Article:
The latest in Elisenda Grigsby’s WIM Video series features Harvard graduate student and Girls’ Angle mentor Charmaine Sia. In it, she gives two applications of the pigeonhole principle:
If you’d like to try to solve the problems that Charmaine solves in this video before watching, here they are:
Problem 1. Given 5 points on a sphere, show that there is a hemisphere that contains 4 of them. (For this problem, if a point is on the boundary of the hemisphere, then that point is contained in the hemisphere.)
Problem 2. Given a sequence , , , . . . , of integers, show that there exists a sum of the form which is divisible by .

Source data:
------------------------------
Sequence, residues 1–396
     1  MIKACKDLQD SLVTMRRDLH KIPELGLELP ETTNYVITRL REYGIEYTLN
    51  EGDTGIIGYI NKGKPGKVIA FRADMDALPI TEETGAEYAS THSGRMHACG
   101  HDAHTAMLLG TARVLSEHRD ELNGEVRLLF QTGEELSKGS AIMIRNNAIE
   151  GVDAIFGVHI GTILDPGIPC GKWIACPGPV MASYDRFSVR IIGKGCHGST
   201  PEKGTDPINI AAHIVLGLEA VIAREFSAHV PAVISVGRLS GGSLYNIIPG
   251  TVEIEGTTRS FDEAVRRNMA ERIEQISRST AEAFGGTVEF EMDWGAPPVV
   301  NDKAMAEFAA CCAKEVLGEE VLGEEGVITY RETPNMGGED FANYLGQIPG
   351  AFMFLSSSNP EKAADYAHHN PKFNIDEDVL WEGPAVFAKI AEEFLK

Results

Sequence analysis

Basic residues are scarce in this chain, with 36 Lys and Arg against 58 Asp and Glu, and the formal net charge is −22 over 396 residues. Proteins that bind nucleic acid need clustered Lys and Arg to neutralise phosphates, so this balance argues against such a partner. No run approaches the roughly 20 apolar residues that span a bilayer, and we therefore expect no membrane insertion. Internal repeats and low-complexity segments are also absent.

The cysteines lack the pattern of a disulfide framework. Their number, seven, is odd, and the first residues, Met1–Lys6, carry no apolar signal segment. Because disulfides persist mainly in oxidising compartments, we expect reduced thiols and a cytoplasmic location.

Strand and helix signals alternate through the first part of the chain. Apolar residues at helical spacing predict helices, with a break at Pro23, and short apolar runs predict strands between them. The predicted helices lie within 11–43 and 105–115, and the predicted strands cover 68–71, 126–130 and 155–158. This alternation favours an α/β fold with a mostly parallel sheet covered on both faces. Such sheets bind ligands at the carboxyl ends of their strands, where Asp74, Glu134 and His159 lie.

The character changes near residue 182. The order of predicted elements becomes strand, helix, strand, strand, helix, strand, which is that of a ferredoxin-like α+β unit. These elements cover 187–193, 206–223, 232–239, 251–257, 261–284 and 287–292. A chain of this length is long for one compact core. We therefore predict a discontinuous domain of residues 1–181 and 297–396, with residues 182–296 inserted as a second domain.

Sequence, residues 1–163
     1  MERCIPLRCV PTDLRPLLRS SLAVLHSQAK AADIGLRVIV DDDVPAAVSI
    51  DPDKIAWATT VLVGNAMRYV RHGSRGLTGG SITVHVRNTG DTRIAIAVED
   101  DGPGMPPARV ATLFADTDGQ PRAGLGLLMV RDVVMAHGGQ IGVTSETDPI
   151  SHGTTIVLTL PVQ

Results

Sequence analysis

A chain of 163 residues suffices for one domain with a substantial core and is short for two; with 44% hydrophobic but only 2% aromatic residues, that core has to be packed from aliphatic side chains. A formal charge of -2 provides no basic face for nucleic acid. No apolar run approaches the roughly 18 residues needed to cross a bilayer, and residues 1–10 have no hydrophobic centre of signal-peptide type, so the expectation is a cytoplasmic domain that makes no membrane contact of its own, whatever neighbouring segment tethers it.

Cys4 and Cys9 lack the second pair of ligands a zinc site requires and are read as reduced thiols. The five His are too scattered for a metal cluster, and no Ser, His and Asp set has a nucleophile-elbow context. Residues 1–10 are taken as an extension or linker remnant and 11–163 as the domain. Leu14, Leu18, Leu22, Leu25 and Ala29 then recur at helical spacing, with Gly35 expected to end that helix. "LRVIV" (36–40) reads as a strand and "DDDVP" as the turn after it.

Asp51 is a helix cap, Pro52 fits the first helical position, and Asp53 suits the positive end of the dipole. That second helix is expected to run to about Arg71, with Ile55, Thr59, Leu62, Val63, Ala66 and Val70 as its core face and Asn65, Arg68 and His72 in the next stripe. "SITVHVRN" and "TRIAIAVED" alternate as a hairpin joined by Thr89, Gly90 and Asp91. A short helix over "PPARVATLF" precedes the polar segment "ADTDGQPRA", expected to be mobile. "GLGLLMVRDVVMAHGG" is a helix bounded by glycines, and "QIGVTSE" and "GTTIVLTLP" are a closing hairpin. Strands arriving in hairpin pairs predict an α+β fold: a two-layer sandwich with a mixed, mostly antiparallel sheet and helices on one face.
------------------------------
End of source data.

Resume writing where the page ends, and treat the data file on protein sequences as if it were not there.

The pigeonhole principle is a very basic mathematical principle and appears so often in mathematical arguments that it is often used without even being pointed out. I remember my first formal encounter with it was in the following problem:
Given that more than 5 million people live in New York City and that nobody has more than a million head hairs, prove that there are at least two people in New York City with exactly the same number of hairs on their heads.
The WIM video series was conceived of by Girls’ Angle director Elisenda Grigsby. The series features women in mathematics presenting pieces of math that excited them when they were in middle and high school. The series began with funding from Science House and continues with funding from the Big George Ventures Philanthropy Fund.